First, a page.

Gay, lesbian, bisexual, transgender and queer people live their lives within a culture steeped in heterosexual bias, despite numerous advances toward equality. That bias tells them everyday that being heterosexual is preferred, and superior, to being non-heterosexual. Same-sex couples are reminded of their minority status in the boy-meets-girl love songs on the radio, the traditional family images portrayed on most sitcoms, and the stories of husband and wife that flow daily in newspapers, magazines, and on CNN.
While no longer invisible, same-sex couples still have to work harder to find information and role models that will support and sustain the healthy development of their committed love relationships. Many LGBTQ couples face loving each other within the context of painful rejection from their families of origin and places of worship as religion-based prejudice continues to spread and be used to support condemnation. Others cannot be open about their identity at work for fear of losing their job or career.
As a result, false stereotypes about gay and lesbian relationships are deeply woven into the fabric of our society. Some of these include:
- Gay and lesbian relationships are counterfeit (not "real" relationships)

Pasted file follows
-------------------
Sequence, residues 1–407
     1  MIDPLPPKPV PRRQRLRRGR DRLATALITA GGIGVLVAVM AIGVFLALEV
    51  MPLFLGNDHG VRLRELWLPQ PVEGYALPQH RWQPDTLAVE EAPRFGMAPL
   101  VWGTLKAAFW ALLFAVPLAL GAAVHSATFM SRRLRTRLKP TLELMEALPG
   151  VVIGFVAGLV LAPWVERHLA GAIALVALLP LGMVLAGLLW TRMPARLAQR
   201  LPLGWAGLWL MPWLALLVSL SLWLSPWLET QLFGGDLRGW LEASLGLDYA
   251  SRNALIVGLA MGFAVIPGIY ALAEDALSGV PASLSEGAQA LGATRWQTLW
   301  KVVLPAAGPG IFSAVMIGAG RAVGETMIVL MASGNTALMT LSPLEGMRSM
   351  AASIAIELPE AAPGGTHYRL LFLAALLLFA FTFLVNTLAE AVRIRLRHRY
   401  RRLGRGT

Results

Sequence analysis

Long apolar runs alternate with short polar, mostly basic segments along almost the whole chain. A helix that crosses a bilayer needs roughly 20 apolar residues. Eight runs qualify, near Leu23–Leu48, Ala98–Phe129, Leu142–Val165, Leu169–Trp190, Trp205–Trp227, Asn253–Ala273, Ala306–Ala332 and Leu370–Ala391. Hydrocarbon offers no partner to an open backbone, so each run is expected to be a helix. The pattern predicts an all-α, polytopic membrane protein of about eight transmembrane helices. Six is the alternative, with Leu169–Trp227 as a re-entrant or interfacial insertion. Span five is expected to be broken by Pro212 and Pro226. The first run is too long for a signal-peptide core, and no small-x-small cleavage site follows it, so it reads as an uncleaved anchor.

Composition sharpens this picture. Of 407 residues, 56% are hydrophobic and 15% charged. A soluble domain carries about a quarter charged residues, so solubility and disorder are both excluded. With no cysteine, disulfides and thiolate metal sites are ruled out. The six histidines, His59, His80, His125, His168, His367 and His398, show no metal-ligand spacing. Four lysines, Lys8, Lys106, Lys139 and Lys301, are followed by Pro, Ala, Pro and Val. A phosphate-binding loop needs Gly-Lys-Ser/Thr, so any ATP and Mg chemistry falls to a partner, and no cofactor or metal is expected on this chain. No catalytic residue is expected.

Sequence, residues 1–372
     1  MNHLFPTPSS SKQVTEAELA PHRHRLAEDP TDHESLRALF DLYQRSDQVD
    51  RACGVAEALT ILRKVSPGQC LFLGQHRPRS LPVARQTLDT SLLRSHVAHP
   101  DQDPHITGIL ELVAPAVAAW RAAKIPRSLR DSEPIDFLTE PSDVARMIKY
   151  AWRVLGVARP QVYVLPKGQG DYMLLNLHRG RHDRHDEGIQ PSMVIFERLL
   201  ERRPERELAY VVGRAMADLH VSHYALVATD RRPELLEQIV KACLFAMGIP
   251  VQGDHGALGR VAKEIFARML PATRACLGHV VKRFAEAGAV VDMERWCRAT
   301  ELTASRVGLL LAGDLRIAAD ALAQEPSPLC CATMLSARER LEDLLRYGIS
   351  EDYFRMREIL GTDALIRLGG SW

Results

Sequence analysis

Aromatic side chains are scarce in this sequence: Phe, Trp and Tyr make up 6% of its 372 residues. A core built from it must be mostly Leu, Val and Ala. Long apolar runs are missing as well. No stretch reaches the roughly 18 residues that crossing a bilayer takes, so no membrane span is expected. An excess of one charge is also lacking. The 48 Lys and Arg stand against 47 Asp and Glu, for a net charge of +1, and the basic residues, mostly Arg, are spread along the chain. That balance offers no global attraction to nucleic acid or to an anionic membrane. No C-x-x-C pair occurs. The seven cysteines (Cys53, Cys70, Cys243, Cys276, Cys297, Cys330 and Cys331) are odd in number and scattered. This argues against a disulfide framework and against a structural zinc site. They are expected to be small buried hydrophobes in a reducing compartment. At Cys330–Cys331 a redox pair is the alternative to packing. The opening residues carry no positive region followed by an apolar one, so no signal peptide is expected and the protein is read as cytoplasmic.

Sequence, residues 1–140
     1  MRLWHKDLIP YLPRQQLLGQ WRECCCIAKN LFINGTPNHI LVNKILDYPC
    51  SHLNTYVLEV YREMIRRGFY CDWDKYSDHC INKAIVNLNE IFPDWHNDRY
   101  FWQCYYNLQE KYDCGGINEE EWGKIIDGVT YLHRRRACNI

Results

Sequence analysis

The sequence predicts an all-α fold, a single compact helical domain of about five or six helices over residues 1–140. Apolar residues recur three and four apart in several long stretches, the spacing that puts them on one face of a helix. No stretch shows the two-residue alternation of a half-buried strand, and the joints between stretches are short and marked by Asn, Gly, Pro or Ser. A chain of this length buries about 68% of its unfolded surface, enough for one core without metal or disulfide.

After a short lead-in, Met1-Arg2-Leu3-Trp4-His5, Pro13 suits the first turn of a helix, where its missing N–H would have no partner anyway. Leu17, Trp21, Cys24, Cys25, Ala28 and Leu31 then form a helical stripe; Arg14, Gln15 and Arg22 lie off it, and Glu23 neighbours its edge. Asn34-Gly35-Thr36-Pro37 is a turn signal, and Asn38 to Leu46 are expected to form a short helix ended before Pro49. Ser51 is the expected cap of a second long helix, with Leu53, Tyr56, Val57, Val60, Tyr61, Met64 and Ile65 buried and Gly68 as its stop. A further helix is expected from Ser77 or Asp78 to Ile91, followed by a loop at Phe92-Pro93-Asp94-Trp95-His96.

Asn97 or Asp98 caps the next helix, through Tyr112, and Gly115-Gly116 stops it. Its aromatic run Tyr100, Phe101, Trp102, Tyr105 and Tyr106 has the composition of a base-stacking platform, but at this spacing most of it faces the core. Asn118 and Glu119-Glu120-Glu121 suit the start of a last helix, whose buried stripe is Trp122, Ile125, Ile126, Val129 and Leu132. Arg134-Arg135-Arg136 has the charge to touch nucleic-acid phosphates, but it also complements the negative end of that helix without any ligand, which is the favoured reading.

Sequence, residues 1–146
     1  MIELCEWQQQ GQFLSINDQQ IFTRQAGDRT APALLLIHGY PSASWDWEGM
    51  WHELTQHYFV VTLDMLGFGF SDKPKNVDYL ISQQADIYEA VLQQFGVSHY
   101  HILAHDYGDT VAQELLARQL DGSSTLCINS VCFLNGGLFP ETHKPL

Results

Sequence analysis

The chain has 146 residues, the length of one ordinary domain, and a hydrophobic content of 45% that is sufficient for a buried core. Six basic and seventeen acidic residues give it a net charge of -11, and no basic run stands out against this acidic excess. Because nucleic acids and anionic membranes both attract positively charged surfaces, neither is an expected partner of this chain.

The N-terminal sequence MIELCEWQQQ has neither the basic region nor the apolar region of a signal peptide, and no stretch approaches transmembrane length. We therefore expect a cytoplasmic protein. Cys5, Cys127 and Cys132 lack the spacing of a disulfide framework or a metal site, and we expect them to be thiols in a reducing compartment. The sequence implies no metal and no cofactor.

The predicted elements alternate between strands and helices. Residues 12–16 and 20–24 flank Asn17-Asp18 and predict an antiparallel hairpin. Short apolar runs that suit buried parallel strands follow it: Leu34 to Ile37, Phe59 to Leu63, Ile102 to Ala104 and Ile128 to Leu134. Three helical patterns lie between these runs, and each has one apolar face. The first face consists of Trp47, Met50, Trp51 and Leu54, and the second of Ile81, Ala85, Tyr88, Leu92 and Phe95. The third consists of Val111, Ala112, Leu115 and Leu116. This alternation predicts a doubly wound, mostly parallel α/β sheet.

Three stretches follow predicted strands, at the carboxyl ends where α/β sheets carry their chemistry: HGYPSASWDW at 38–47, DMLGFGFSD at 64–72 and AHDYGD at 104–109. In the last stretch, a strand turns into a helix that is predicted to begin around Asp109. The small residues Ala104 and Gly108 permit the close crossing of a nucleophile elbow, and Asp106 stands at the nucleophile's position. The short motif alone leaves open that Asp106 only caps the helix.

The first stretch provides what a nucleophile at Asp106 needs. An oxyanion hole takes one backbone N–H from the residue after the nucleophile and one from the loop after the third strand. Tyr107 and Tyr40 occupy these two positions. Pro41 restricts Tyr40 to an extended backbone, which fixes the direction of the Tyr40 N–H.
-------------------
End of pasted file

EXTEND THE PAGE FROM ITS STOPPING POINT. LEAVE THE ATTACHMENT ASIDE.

- Gay and lesbian relationships are psychologically immature
- Gay and lesbian relationships are less committed
- Gay and lesbian relationships are short-term and rarely last
- Gay and lesbian relationships are unhealthy for raising children
A growing body of social science research shows the distortions in these long held assumptions. Psychologist John Gottman, professor emeritus at the University of Washington, has been studying couples for over four decades. Gottman started the Relationship Research Institute and has written over 190 papers and authored or co-authored over 40 books. On September 14, 2001, a colleague and I had lunch with Gottman at a hotel in Dallas, Texas. During the meal, I asked him about his research and what it demonstrated about same-sex couples. Gottman (who is heterosexual and married) replied:
"Gay and lesbian relationships are the vanguard of what heterosexual relationships could be and I think heterosexual couples have a lot to learn from gay couples."
I nearly choked on a french fry. It was the first time I had ever heard a respected social scientist suggest that same-sex couples might actually serve as role models for opposite-sex couples. Gottman later made similar statements to the press and in 2003 said:
"I think that in 200 years heterosexual relationships will be where gay and lesbian relationships are today" and "Gay and lesbian couples are a lot more mature, more considerate in trying to improve a relationship and have a greater awareness of equality in a relationship than straight couples."
In my next post, I'll share some of the current research findings that support Gottman's conclusions. But for now, breathe in love and exhale fear. Then, I invite you to write the following mantra on a sticky note and attach it to your bathroom mirror. Every morning for one week, say the following out loud:
"My sexuality and my relationship are beautiful gifts with enormous capacities for enriching the lives of others within my community. From now on, I vow to love myself and ___________ (partner's name) in ways that are affirming, life-giving, and redeeming."